A HOUSE of Representatives think tank has warned of runaway inflation if the government of President Ferdinand R. Marcos, Jr. fails to rein in spending.
“Given the present level of inflation and the inflationary pressure accumulated in the past three years, the risks associated with maintaining a high public spending strategy are not insignificant and, perhaps more importantly, growing over time,” the Congressional Policy and Budget Research Department (CPBRD) said in a report this month.
“The observed relationship between government spending and inflation (or lack thereof) over the past dozen years lends urgency to the necessity of developing a rule-based framework to govern monetary and fiscal policies — particularly to stabilize inflation,” it added.
The CPBRD said that government spending has steadily increased since 2010, indicating that the government does not consider inflation in its spending plan.
The Bureau of the Treasury reported that the government spent P1.52 trillion in 2010, P1.56 trillion in 2011, P1.78 trillion in 2012, P1.88 trillion in 2013, and P1.98 trillion in 2014.
It spent P2.23 trillion in 2015, P2.55 trillion in 2016, P2.82 trillion in 2017, P3.41 trillion in 2018, P3.80 trillion in 2019, P4.23 trillion in 2020, and P4.68 trillion in 2021.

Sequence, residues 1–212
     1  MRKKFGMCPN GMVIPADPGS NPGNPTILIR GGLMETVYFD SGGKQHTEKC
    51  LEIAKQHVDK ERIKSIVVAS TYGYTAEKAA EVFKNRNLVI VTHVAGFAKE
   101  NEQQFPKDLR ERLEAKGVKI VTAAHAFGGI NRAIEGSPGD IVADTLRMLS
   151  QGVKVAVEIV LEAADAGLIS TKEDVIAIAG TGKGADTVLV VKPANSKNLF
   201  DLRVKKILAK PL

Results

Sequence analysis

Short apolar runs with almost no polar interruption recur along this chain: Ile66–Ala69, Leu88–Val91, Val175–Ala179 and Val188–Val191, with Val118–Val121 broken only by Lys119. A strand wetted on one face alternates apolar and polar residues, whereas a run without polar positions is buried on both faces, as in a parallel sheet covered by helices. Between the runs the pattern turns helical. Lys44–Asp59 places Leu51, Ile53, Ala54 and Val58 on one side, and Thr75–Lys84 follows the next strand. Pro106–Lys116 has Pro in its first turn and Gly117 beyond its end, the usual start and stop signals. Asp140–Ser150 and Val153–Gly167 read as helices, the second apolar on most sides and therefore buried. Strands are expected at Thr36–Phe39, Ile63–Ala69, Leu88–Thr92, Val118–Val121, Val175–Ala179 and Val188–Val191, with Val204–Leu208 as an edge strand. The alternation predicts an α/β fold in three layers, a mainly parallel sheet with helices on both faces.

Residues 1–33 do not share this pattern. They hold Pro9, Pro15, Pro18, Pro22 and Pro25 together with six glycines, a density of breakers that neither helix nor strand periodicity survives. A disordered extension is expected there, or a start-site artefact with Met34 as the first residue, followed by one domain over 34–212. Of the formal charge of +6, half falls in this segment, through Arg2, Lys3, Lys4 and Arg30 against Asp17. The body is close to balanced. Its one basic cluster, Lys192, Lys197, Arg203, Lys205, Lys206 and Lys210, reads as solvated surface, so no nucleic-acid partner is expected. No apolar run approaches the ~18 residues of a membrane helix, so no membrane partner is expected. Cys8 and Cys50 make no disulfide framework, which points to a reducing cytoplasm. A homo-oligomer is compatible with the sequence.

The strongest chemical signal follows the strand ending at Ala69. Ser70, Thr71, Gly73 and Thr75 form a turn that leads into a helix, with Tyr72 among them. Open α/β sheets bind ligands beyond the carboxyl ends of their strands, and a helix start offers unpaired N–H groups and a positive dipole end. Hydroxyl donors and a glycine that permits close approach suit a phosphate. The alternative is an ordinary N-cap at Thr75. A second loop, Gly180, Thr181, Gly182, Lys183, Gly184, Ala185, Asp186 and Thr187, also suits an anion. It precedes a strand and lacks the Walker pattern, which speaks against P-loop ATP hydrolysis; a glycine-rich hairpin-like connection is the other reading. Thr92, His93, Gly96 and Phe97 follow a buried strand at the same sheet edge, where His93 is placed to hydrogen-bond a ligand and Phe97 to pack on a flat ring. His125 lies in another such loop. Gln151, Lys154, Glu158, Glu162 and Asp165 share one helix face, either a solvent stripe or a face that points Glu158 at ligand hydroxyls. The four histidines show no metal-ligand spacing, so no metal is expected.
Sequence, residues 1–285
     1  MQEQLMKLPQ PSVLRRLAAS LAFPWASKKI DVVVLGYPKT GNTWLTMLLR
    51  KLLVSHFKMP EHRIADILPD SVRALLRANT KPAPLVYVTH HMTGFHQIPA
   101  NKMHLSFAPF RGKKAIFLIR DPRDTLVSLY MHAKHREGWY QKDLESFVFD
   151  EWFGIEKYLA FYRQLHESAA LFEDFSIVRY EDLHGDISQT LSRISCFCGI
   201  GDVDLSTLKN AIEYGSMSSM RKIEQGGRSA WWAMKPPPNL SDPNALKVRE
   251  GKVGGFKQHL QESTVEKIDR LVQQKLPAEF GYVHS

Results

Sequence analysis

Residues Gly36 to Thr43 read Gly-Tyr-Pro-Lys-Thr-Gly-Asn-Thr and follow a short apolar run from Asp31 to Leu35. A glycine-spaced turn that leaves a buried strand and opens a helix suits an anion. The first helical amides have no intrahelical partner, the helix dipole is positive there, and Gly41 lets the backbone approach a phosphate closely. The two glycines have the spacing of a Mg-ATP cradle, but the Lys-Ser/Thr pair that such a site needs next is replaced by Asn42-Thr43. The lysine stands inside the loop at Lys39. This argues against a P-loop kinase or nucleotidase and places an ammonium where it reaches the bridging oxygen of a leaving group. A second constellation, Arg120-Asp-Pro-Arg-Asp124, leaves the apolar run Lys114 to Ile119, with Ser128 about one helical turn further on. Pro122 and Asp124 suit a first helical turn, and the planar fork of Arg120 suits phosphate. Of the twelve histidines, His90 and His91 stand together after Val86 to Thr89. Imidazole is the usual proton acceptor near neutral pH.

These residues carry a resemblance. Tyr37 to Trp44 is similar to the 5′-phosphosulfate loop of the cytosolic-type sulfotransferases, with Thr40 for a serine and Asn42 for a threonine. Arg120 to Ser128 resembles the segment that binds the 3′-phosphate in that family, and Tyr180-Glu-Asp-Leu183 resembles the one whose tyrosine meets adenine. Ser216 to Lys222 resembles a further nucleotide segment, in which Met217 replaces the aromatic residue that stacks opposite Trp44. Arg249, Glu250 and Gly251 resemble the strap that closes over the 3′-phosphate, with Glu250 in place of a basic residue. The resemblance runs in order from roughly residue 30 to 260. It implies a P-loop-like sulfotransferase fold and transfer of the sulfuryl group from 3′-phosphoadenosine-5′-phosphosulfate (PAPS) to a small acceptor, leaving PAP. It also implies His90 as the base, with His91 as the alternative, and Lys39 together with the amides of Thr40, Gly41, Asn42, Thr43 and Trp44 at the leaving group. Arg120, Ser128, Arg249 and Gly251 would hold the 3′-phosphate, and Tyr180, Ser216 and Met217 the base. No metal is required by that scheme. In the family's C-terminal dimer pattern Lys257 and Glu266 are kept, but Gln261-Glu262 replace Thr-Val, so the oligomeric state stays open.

In 2022, government expenditures increased by 10.35% to P5.16 trillion.
“The government constantly runs the risk of exacerbating inflationary pressures and, by extension, heightening the severity of economic contractions,” the CPBRD said.
Inflation in August was 5.3%, the 17th consecutive month in which inflation surpassed the BSP’s 2-4% target range.
In order to ensure proper spending without the risk of inflationary pressures, the government must promote “strategic resource allocation and operational efficiency,” by spending in sectors that give the “largest multiplier effects.”
“A set of rules that compels the government to moderate its spending during times of surging inflation, for example, will likely prove beneficial in managing overall inflationary pressure,” the CPBRD said.
“Perhaps more importantly, enforced rules would make it difficult for political actors to engage in politically profitable but economically costly spending strategies,” it added. — Beatriz Marie D. Cruz